Where we go in Turkey there is a Sunday market, and in the town close by a Tuesday market. The market is a bustling noisy place – full of different scents, colours and sounds.
There are many fruit and veg stalls right next to each other.
The produce looks very much the same on each stall.
And the stall-holders all talk nicely to each other.
And then a multitude of clothes stalls – all selling if not the same –
what looks very much the same.
And THEY all talk nicely to each other!
And then the spice stalls … And they talk to each other as well!
And the cheese stalls, the shoe stalls, the hardware stalls, the jewelry stalls, the flower stalls, the cafes and eateries, the soft drinks sellers, the taksis and dolmus to get everyone there and back …
It makes no sense – everyone is selling the same and they should all be in deadly competition with each other. Yet they are not.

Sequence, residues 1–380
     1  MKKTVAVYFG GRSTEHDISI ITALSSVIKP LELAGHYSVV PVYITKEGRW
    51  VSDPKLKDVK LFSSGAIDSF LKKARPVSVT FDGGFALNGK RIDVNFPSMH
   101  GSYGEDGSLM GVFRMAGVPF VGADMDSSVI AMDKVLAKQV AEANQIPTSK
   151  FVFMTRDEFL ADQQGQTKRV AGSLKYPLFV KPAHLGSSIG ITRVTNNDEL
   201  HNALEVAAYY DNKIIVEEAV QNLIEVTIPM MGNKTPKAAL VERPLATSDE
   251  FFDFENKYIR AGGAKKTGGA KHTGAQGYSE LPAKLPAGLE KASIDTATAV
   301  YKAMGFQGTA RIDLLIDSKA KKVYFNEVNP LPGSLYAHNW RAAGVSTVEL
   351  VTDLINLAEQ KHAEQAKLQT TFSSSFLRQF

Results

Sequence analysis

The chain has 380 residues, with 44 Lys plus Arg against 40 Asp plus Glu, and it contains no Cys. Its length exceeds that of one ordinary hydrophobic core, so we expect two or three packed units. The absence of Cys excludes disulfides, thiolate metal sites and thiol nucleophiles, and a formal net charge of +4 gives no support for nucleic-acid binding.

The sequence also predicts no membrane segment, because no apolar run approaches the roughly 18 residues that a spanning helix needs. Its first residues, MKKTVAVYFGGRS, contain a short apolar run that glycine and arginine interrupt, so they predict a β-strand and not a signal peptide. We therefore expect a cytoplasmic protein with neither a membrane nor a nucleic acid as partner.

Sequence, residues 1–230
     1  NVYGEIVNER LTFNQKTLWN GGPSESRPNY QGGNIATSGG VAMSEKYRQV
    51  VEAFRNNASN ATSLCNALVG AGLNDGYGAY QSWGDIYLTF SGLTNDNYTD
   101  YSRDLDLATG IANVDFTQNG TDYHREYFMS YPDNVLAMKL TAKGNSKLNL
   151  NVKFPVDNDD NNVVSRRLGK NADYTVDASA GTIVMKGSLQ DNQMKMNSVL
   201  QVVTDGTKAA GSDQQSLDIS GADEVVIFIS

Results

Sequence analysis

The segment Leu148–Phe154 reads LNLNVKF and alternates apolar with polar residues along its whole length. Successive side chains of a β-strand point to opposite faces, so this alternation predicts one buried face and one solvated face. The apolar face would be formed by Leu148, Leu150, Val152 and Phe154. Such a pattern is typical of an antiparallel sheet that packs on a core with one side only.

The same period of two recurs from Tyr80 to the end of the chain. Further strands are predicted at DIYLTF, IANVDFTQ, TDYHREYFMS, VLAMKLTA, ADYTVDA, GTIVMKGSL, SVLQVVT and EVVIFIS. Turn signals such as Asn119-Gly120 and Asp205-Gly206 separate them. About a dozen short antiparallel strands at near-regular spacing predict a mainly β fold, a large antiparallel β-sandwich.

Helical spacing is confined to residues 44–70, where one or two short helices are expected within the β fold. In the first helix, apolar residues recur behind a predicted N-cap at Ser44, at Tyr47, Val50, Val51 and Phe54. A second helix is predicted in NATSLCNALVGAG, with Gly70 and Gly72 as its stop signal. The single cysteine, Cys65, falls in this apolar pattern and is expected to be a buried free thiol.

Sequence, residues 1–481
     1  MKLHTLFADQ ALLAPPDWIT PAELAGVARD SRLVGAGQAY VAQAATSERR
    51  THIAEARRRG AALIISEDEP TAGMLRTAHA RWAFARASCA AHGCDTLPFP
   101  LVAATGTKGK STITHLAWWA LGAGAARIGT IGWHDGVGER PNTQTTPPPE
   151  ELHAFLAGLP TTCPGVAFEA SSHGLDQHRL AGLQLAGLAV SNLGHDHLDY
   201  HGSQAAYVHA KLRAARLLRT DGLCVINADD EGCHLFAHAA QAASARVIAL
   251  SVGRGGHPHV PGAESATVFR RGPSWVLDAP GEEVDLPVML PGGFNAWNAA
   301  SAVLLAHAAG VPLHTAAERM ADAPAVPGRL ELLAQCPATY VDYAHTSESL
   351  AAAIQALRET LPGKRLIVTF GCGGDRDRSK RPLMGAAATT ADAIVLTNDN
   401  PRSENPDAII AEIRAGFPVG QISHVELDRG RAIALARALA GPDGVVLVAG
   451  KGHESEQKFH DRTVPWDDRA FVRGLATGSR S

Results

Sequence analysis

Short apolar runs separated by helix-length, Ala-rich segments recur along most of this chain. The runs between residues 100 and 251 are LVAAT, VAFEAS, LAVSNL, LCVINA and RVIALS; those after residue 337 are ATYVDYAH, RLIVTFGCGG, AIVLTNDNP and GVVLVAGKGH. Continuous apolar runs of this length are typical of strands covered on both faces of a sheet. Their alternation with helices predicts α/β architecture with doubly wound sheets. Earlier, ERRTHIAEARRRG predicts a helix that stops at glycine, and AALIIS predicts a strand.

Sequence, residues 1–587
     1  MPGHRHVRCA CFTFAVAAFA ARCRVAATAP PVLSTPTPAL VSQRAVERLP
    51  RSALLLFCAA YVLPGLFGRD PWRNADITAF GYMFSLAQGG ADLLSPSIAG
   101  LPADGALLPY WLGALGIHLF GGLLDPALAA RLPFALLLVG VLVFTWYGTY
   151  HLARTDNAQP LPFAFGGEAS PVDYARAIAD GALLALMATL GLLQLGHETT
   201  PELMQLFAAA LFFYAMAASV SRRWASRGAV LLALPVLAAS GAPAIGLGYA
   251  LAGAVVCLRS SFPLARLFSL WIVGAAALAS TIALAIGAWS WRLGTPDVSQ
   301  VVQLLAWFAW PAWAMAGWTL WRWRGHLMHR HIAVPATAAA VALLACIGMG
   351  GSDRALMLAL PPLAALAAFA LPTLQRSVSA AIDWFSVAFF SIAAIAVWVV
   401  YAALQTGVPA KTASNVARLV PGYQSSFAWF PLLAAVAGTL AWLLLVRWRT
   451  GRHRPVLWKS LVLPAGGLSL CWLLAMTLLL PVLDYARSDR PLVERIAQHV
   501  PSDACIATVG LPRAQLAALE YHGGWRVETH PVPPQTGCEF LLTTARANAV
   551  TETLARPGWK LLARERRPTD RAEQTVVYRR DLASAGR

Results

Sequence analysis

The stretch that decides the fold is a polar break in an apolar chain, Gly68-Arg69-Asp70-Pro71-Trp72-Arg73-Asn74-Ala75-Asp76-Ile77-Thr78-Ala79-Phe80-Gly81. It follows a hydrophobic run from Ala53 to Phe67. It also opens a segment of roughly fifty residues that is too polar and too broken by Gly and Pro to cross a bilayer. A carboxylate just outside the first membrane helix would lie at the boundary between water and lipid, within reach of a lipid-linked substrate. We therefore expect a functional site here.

They all work together.
Because by being so much the same but not the same – in the same place at the same time every week – we all make a bee-line for them each week. And not just tourists. The locals make a bee-line for the market each week. The footfall is fantastic. And each stallholder manages to make enough money for a living … “just” or “good” or “prosperous”.
Yet they all turn up every day at the weekly markets in each locality. And they all work together to make the market what it is. And they don’t try and make me a market-stall holder. They don’t tell me all are welcome and then refuse my wife a sale of something because she has a “western” this that or the other – when she should be an “eastern” this that AND the other.
All are really “all are welcome”!
And there is one market but the market is many. There is one market but the stallholders are many. There is one market but many who go there – who want to barter and haggle – who may or may not buy something – but who all see the many as The One.
There is One market.
And no one would have it any other way.